Traditional Okinawan Karate-Do and Kobudo
Origin of Shorin-Ryu Karate Do
The origin and development of Karate is intimately tied to the history of the Okinawan people, who brought it to its present form and preserved its tradition for centuries. A major root of the discipline, however, can be traced to ancient China, where in about the year 483 A.D., Daruma Tashi developed an exercise form for the use of Buddhist monks. The exercise form was first taught by Tashi at Shorin Temple. The exercise discipline concentrated upon the art of learning to control and master the body, mind, and soul.
During the 17th century, Okinawa was overrun and occupied by the Japanese. The Okinawan warriors were disarmed and forbidden to own, use or carry any weapons. Faced with the necessity of defending themselves and their people from their oppressors, and having only their bare hands with which to fight, the warriors turned to the ancient forms of Karate. In those desperate years they developed and refined the techniques of Karate until their bodies and hands were as deadly and as effective in their defense as the weapons that were taken from them. Karate was taught in secret and was only known to the King and his most Loyal subjects. Where and how it was taught was a mystery to most Okinawans.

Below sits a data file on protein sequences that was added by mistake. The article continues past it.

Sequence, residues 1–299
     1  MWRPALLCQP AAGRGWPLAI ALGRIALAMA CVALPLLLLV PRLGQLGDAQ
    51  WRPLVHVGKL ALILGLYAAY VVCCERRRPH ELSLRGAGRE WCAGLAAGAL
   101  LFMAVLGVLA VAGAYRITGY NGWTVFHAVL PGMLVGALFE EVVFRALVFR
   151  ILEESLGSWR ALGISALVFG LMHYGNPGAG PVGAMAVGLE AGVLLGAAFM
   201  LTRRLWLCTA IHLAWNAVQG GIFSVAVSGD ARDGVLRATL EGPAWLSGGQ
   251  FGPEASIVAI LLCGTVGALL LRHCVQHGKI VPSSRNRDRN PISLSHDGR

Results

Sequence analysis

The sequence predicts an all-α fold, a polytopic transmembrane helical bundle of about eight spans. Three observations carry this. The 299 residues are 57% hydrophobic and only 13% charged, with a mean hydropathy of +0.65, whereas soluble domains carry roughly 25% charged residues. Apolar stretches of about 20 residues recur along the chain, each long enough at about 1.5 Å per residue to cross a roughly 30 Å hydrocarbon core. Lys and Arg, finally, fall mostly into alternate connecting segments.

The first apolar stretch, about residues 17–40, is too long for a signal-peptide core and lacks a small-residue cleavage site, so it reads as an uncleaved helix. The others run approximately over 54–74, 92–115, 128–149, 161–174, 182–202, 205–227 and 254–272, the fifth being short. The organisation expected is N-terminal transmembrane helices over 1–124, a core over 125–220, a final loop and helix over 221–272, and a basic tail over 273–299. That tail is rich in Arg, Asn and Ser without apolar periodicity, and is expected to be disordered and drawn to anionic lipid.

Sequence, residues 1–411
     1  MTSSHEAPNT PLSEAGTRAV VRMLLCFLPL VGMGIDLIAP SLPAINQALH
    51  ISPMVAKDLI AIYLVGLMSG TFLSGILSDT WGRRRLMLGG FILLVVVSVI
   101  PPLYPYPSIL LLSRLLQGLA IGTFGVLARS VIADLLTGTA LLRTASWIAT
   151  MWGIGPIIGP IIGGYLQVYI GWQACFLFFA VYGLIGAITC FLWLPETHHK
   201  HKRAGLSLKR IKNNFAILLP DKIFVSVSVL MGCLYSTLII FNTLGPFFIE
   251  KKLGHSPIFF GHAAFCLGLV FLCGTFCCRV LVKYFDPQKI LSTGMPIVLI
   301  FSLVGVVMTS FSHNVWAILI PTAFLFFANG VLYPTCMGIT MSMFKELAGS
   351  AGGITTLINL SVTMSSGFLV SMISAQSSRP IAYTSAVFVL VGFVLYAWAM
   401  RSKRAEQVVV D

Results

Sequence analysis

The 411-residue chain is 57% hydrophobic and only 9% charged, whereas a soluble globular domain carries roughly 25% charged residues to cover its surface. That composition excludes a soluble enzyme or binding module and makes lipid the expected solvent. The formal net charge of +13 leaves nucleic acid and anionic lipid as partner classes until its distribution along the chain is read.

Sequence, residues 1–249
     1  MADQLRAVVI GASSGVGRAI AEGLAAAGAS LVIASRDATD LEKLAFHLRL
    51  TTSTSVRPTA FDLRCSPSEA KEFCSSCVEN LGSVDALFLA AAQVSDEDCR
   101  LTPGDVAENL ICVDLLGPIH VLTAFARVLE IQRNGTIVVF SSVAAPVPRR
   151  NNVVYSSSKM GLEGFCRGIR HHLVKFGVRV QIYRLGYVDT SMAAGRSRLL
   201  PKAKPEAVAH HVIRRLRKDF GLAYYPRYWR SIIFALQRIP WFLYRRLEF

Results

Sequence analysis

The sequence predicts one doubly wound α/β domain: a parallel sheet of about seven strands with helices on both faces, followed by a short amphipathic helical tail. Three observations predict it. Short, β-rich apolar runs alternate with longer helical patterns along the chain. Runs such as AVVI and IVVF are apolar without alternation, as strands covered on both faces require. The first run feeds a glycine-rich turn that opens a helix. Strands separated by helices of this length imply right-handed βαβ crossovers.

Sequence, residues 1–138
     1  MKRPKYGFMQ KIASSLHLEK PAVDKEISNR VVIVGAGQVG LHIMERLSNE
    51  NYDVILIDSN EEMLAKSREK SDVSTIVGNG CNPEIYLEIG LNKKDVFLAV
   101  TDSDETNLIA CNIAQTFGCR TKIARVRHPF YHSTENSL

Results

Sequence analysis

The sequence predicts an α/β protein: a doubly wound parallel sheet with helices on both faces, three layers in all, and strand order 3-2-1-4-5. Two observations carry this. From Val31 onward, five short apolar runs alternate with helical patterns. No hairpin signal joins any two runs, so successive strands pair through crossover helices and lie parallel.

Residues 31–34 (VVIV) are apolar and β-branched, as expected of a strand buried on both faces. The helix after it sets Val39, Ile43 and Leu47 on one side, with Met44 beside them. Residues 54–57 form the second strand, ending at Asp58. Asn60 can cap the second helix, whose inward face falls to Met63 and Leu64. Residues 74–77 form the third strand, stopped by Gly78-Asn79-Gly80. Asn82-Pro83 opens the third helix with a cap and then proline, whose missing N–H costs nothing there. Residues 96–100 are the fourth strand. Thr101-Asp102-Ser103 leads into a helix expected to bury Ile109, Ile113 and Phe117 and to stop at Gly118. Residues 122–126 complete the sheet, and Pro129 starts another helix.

In the more settled times that followed, Karate although remaining a secret and known only through word of mouth on Okinawa, became a course of exercise valued for its health and character building. In the late 18th century, Matsumura Sobi collected and studied the various forms of Karate that had grown up around Shiri, systematized them and designed an overall method for the training of Karate. His system was called Shuri Te.
Itosu passed his legacy to Choshin Chibana who was the first to call Shuri Te "Shorin-Ryu Karate-do." Shorin-Ryu Karate-do is based on the principles of physic and the laws and dynamics of physiology. Chibana spent a lifetime refining Shorin-Ryu to its present form.
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